Adequate cochlear blood supply is crucial for supplying the high cellular metabolic demand required for proper cochlear function. Cochlear ischemia has been related to several hearing disorders, which include noise-induced hearing loss, age related hearing loss, sudden sensorineural hearing loss, tinnitus and Ménière’s disease (1-9). The study of the cochlear microcirculation can be noteworthy for determining the causes and possible treatments of hearing loss. Understanding the underlying mechanisms of cochlear microcirculation is vital for the management of these pathologies (10).
The ability to study cochlear blood flow (CoBF) in vivo, has been challenging due to the invasiveness of accessing the inner ear and the cochlea, and the limited number of tools available. Histology has provided morphological information that captures a single time-point measurement about the cochlea vasculature; however, its results are difficult to interpret due to its invasiveness and ex vivo analysis (11). Other single time-point methods include the microsphere method, which has been used to study CoBF (12-14); however, it requires a large number of captured spheres for statistical purposes. Corrosion cast provides three-dimensional images of the vasculature; however, it is an invasive ex vivo technique that provides vessel morphology but lacks blood flow information (15). Laser Doppler flowmetry (LDF) is a real-time method that can measure relative changes in blood flow within a volume of tissue (a hemisphere of ~1.5 mm radius), which depends on the source detector separation and the wavelength of light used by the system (16,17). LDF can measure the changes in flow (number of red blood cells in a given volume times the mean velocity); however, its spatial resolution is limited. LDF has been previously and extensively used to measure the changes in CoBF during the occlusion of the stapedial artery and anterior inferior cerebellar artery in rats (18), topical application of vasodilators in rats and guinea pigs (19), loud sound exposure (LSE) in guinea pigs (20,21), and hypoxia in mice (22). Laser speckle contrast imaging, which is a two dimensional (no depth information) real-time method that obtains relative values of the changes in blood flow within a volume of tissue, has been used to study the cochlea due to a systemic hypoxia (23). Doppler optical microangiography (DOMAG) is an imaging modality based on optical coherence tomography (OCT) (24-30). DOMAG is another real-time method which differs from LDF in that it enables the non-invasive measurement of the three dimensional microstructural and microvascular composition of the biological tissues. OCT and DOMAG have previously been used to image the cochlea in vivo (31-33), and used for studies of systemic hypoxia (22,23). However, the study of the relationship between LSE and vascular changes has not yet been investigated with DOMAG.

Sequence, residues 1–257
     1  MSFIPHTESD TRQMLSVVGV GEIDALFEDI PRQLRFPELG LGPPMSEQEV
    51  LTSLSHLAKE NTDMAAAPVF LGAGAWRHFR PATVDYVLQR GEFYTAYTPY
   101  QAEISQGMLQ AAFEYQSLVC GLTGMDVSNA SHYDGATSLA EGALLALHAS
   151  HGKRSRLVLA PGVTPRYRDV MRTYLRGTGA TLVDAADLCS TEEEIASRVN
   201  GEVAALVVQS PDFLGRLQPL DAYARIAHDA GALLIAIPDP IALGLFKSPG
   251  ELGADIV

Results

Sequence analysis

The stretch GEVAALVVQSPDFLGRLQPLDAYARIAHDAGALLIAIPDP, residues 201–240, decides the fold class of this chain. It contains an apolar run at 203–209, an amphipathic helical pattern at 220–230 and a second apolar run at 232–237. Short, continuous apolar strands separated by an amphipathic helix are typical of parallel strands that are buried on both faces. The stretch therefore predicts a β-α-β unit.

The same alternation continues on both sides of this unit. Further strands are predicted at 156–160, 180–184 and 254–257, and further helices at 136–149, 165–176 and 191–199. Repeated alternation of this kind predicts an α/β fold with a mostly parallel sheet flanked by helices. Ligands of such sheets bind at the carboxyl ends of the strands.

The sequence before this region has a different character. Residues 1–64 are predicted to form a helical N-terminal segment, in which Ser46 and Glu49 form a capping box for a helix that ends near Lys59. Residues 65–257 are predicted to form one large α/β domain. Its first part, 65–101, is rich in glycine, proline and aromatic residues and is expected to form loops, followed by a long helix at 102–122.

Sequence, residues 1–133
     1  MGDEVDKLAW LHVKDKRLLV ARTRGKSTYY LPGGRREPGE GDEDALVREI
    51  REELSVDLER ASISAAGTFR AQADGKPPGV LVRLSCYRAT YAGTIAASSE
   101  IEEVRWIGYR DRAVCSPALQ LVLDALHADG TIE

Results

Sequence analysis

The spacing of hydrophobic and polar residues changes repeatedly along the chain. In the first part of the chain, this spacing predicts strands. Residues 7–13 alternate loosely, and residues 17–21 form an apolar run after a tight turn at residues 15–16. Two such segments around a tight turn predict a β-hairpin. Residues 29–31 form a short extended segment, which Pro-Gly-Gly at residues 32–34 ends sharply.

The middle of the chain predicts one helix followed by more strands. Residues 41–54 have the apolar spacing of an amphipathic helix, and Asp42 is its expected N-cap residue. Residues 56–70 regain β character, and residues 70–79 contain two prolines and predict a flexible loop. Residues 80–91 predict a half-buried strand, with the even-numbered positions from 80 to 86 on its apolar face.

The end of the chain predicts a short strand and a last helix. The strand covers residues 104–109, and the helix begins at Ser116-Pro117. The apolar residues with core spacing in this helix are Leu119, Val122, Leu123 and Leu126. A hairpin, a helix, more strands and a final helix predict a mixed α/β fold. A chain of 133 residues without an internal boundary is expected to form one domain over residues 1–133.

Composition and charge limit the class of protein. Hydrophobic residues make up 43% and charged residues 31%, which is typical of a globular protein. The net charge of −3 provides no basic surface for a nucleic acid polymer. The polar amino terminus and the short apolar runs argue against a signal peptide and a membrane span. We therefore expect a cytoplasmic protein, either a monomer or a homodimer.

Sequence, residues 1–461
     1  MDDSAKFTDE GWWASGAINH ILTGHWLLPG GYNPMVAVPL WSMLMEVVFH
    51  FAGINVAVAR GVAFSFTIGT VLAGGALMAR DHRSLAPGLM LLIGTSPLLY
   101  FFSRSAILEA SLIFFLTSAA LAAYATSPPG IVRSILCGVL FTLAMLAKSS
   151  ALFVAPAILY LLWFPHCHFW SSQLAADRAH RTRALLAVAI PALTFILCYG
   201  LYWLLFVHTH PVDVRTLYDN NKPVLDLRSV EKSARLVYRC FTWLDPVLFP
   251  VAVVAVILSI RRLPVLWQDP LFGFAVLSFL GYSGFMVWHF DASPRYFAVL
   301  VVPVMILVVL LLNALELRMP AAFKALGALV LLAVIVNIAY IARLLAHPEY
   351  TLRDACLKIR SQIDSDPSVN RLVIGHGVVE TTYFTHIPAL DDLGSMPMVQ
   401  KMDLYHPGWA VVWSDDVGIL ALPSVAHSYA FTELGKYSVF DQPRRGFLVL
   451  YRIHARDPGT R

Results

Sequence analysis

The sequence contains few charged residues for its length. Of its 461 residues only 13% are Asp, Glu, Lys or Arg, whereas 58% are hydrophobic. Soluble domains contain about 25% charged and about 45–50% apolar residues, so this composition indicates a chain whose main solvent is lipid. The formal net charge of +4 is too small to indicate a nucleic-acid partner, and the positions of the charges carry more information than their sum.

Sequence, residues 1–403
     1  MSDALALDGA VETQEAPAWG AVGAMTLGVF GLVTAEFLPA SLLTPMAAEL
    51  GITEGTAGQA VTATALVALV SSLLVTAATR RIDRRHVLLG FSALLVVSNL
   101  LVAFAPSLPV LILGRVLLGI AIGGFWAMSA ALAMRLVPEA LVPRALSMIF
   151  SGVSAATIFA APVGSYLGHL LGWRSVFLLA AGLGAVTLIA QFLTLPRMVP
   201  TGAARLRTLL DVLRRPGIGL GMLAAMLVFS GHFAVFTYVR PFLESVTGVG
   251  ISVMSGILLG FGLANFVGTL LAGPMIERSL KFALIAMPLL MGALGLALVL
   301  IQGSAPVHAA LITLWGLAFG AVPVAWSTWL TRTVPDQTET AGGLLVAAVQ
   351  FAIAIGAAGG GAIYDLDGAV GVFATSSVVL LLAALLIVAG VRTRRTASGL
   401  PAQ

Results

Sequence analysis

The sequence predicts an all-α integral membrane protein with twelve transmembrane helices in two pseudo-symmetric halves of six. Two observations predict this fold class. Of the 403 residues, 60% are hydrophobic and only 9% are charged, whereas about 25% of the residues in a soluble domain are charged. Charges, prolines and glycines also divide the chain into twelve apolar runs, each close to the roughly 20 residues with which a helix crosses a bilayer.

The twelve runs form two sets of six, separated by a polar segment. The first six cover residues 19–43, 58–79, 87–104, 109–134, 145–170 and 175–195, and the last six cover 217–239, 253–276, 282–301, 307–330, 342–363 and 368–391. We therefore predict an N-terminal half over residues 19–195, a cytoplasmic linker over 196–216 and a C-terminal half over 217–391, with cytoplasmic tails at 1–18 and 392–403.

Currently, there is some ambiguity over the effects of LSE on CoBF. For example, histological studies indicate a decrease in circulation based on the alteration of its vessels, such as endothelial wall swelling, constriction of capillaries and unusual spacing of red blood cells (11,34-36). Using various sound paramaters, studies with LDF have also indicated a decrease in CoBF (20,37). On the other hand, other studies have indicated an increase (12,38-40), or no change (13,14,41) in CoBF.
In this study we used DOMAG and LDF to examine the changes in CoBF in anesthetized mice, subjected to a LSE (119 dB SPL) stimulus which consists of white noise (20 kHz bandwidth) for a one hour period.
Materials and methods
The experiments were performed based on the National Institute of Health guidelines for research animal care and the protocols were approved by the Institutional Animal Care and Use Committee at the University of Washington. Male mice C57BL/6J (Charles River Laboratories, Hollister, CA) approximately 10 to 14 weeks old of age with body weight from 25 to 28 g were used in all experiments.
Surgical exposure of the mouse cochlea
Mice were anesthetized with 1.5% isoflurane in oxygen-enriched air (20% oxygen/80% medical air). The body temperature was maintained between 36.5-37.5 °C by using a feedback rectal probe and a heating pad (Harvard Apparatus, location). The head of the mouse was immobilized onto an imaging platform to minimize movement such that the right cochlea was exposed ventrally through the neck, as previously described (22,23,42). An incision was made down the midline of the neck and the left submandibular gland and posterior belly of the digastric muscle were removed by cauterization. The external carotid artery was ligated inferior to the bifurcation. The positions of the hypoglossal and facial nerves and the sternocleidomastoid muscles were used to identify the location of the boney bulla that contains the cochlea. A small hole was made on the bulla to expose the cochlea, while maintaining the tympanic membrane and vessels intact. As a result only part of the cochlea was properly exposed to image with the DOMAG system, as observed in Figure 1A, while the view of the rest of the cochlea was blocked by the tympanic membrane.